If you're an American who has traveled abroad, ventured beyond the confines of your resort and built enough rapport with locals to talk politics you likely have heard some less than flattering things about the United States.
If you listened non-defensively you probably heard about how America has its fingers all over the planet and involves itself in everything.
If you talked to anyone in Pakistan, you may have heard about the on-going drone strikes that terrify people going to visit their grandmothers.
We don't want to hate Americans...
"We don't know when something is going to fall out of the sky," they explain.
"We don't want to hate America, it's just that we live in fear because of these attacks. It's hard not to be angry."
Yikes, I can only imagine walking outside afraid some robot is going to fall out of the sky and kill me or my grandmother.
I don't know all the details of our foreign policy -- no citizen does. Most of us have no idea what our country does abroad and often have to learn about it from the people at the end of the policies.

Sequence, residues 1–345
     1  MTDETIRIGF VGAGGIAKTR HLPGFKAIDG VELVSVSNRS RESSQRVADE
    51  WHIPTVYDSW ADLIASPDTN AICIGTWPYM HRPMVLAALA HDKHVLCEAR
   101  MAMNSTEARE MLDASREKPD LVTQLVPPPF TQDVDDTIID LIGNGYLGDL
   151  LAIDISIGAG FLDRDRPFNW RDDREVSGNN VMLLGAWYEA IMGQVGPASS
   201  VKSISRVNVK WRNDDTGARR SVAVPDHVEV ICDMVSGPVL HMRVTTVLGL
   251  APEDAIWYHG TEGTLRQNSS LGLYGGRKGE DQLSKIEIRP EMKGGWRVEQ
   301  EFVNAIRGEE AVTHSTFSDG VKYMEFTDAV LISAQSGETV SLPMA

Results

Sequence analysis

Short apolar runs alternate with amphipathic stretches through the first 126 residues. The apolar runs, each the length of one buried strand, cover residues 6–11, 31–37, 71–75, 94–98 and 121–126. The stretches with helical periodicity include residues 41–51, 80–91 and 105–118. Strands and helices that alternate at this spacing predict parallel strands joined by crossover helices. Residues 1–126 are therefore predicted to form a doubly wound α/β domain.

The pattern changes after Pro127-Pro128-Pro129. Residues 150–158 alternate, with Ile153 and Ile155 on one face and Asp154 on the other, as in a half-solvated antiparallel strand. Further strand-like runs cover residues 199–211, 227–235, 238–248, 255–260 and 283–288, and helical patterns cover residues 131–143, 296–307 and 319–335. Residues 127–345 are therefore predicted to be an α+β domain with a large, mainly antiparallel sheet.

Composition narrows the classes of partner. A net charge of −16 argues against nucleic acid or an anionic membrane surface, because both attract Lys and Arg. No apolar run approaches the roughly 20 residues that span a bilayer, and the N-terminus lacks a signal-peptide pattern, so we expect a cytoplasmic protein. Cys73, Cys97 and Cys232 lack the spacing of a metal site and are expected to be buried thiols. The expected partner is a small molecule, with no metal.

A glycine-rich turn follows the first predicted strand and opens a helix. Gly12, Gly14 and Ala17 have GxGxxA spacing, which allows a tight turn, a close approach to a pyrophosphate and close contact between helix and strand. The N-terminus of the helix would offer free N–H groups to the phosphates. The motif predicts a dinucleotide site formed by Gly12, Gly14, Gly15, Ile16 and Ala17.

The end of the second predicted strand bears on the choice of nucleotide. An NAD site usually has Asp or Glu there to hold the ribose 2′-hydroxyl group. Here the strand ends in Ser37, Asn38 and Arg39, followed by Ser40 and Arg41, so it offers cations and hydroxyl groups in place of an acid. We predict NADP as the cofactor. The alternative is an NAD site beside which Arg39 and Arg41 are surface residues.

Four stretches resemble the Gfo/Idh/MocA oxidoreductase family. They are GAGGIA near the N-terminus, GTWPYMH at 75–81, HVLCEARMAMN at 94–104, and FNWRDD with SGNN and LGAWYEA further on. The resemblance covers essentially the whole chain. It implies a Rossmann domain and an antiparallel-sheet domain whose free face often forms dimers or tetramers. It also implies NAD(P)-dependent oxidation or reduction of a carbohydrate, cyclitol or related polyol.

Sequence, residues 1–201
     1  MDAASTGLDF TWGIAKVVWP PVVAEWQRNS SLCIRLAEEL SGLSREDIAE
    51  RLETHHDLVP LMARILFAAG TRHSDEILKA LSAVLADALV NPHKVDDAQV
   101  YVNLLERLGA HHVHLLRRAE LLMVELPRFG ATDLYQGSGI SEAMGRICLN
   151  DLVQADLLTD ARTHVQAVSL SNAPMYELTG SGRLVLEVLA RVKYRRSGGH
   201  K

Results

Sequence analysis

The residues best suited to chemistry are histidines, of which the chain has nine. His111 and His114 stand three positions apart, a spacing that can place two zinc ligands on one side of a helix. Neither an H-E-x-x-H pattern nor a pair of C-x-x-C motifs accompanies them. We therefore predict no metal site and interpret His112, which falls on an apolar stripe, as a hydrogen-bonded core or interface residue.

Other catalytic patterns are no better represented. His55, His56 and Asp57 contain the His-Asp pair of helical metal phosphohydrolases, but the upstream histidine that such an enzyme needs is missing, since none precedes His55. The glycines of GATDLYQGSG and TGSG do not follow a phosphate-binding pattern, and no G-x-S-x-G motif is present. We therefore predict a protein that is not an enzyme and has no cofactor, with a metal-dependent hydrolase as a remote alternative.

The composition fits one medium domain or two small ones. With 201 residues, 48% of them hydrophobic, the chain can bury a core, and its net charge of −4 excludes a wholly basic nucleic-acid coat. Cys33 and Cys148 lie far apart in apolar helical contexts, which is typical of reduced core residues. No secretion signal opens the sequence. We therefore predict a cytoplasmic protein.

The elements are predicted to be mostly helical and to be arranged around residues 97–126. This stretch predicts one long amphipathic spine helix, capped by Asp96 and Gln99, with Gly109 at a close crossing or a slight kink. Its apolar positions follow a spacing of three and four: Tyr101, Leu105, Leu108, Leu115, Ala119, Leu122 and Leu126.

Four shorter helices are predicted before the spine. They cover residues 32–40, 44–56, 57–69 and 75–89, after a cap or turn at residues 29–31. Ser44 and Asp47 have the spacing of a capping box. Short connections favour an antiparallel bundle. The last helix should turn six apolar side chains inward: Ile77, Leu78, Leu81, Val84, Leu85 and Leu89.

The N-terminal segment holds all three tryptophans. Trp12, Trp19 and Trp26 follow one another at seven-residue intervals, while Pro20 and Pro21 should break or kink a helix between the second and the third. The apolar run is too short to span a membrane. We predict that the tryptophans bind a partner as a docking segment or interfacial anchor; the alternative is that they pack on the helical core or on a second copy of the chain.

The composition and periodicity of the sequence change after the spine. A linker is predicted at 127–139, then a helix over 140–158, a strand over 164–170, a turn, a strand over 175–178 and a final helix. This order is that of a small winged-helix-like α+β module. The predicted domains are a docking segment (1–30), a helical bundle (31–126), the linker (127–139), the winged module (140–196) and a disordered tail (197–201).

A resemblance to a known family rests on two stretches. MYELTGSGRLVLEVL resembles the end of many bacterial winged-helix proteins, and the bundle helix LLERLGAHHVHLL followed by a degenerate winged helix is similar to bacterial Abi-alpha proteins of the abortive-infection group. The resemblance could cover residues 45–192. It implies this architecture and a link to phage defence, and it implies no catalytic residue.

It rarely feels very good. I once got an earful from an Iraqi man. I was flying on Gulf Air from Bahrain to the UAE. The plane was practically empty, but somehow they sat be by the window with a very angry man in the aisle seat.
Not a pleasant flight, but an educational one.
Now, I'm not purporting an isolationist stance. I wish the United States had intervened in the Holocaust, in Rwanda, and Indonesia among others. I do believe there are mega thugs and mega bullies that America stops everyday. That said, perhaps we could be handling this a bit better.
If the Secretary of State is unsure....
While in office, both Secretary of State Kissinger and Secretary Albright said they believed that it was America's job to fight these bullies. Once out of office, however, both expressed the opposite or at least far more uncertainty.
Isn't that interesting?